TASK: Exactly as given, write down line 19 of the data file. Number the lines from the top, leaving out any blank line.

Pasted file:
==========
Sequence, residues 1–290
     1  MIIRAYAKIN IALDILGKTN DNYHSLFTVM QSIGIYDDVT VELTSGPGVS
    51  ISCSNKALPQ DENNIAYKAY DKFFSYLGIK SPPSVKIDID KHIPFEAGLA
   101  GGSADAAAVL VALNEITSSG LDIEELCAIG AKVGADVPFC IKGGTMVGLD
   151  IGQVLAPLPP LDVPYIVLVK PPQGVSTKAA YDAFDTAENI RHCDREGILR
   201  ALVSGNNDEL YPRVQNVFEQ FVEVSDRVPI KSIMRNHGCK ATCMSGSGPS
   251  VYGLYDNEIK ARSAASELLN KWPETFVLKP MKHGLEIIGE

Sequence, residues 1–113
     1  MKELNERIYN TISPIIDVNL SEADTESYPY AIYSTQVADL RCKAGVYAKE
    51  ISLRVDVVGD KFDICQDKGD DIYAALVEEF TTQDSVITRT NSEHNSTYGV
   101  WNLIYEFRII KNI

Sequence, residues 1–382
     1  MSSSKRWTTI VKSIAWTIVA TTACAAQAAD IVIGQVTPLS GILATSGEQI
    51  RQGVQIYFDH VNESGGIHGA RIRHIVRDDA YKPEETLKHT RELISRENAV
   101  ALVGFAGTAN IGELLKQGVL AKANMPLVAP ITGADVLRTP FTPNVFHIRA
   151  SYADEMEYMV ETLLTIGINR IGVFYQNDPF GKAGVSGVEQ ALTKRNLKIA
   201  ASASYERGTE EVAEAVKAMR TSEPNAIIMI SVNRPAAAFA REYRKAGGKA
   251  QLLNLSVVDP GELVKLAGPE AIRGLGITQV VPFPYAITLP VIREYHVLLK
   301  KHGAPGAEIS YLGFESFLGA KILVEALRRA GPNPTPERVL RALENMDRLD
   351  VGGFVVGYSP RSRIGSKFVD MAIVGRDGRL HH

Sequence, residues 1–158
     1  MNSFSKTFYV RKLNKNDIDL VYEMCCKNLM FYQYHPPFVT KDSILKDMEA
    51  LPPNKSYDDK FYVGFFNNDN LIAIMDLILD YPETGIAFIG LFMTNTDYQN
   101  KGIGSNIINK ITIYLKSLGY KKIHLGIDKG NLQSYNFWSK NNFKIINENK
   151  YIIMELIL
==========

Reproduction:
   301  KHGAPGAEIS YLGFESFLGA KILVEALRRA GPNPTPERVL RALENMDRLD